Carl Sagan's message to future explorers

Before he passed away Sagan recorded a message to future explorers of the cosmos, solar system, and Earth. Here is a snippet that went around the internet the other day after NASA successfully landed the rover Curiosity:

maybe we're on Mars because of the magnificent science that can be done there - the gates of the wonder world are opening in our time. Maybe we're on Mars because we have to be, because there's a deep nomadic impulse built into us by the evolutionary process, we come after all, from hunter gatherers, and for 99.9% of our tenure on Earth we've been wanderers. And, the next place to wander to, is Mars. But whatever the reason you're on Mars is, I'm glad you're there. And I wish I was with you.

Sagan, we wish you were with us.

Welcome to 3991 C.E. aka hell

I love this Reddit post: Lycerious has been playing Sid Meier's Civilization II for 10 years (not everyday) and has ended up in a nightmarish, apocalyptic world of perpetual nuclear and conventional war, global warming with oceans covering most of the land, only three mega empires left, and the remaining land is devastated and cannot support agriculture or urban civilization.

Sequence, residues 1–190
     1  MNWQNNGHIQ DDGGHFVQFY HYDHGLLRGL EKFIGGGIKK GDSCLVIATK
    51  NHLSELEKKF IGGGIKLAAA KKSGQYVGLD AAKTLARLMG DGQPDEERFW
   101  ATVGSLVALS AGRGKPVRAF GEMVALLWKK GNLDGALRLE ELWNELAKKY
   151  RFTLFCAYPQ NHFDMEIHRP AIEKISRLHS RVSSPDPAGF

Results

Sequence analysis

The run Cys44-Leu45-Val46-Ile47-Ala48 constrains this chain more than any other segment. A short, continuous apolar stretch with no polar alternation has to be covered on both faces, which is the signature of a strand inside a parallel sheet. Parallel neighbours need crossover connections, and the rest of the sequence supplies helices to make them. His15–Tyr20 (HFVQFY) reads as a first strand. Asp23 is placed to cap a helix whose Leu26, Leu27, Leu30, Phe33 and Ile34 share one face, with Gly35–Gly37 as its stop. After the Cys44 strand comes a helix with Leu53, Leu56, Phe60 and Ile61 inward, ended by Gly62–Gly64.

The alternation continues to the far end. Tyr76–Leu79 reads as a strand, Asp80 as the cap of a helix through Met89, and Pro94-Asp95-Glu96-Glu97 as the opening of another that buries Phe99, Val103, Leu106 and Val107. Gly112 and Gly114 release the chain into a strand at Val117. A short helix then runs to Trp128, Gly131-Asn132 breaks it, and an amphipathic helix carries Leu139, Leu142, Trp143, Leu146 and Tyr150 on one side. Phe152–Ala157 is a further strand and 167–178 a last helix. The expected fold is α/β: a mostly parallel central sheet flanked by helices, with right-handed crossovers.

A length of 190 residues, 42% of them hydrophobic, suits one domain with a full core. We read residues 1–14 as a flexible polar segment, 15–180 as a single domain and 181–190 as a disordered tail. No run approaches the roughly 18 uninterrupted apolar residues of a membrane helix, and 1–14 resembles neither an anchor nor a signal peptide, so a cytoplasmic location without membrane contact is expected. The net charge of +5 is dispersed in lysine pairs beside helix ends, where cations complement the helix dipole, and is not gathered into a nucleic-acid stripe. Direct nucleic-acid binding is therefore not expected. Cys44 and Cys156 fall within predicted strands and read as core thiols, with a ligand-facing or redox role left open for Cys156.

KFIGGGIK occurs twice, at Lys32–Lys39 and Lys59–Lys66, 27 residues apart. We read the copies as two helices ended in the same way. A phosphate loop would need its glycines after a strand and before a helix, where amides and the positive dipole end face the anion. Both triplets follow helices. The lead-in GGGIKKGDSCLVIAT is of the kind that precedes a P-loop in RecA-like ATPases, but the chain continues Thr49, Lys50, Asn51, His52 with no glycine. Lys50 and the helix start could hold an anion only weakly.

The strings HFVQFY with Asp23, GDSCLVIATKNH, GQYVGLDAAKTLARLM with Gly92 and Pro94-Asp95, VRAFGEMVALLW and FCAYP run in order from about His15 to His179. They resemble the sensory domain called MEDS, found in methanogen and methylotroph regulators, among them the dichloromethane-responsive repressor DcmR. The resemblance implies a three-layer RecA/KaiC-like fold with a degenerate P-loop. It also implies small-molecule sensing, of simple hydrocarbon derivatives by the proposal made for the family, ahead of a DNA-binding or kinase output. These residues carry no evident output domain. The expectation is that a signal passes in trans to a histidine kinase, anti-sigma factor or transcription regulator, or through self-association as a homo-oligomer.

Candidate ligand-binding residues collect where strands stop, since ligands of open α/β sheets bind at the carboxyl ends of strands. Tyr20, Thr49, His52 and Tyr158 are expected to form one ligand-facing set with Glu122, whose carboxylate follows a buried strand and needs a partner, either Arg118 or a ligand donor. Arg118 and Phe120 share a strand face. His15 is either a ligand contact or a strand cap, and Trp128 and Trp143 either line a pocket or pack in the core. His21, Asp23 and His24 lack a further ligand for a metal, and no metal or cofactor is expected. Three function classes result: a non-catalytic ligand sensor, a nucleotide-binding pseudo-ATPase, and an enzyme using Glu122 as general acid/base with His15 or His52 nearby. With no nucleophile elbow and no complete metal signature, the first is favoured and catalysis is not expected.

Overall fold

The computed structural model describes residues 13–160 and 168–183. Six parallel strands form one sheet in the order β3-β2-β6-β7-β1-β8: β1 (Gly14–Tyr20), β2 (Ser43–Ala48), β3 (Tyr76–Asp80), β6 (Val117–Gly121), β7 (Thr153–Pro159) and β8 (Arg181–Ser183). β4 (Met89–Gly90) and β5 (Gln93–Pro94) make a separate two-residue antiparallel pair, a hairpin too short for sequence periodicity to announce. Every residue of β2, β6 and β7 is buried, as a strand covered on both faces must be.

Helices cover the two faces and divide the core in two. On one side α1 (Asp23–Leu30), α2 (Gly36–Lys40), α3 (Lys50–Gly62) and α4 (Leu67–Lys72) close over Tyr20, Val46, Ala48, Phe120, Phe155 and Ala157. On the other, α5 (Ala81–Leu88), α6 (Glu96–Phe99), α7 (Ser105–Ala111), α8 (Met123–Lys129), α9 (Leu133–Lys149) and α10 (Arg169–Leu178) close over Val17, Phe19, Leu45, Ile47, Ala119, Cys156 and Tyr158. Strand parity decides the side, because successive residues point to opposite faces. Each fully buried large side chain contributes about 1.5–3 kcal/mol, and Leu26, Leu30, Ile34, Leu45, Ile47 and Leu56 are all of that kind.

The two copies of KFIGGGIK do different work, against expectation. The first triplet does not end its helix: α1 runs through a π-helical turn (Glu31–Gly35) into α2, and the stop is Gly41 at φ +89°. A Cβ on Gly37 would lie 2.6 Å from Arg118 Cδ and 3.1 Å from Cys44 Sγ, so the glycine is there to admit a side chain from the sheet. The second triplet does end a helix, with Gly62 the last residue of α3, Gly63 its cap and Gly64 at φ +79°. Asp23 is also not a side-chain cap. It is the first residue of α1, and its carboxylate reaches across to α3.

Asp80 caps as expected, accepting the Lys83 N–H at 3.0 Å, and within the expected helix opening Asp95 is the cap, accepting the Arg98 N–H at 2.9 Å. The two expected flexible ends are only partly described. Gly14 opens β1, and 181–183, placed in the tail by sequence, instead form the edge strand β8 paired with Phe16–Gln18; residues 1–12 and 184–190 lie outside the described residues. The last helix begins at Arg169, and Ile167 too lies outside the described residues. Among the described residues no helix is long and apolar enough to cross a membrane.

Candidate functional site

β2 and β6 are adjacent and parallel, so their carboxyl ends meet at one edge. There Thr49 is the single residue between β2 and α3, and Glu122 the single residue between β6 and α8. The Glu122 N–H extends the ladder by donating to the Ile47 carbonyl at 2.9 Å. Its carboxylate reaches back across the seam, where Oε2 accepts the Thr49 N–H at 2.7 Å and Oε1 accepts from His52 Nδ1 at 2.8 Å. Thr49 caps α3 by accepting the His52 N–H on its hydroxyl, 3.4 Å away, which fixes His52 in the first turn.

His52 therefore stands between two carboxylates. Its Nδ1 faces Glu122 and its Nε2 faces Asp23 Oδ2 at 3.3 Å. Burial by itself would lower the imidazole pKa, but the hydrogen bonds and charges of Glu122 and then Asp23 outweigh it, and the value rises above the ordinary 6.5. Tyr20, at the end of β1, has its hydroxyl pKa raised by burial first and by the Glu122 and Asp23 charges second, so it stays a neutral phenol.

I was forced to do away with democracy roughly a thousand years ago because it was endangering my empire.

You've heard of the 100 year war? Try the 1700 year war. The three remaining nations have been locked in an eternal death struggle for almost 2000 years. Peace seems to be impossible. Every time a cease fire is signed, the Vikings will surprise attack me or the Americans the very next turn, often with nuclear weapons.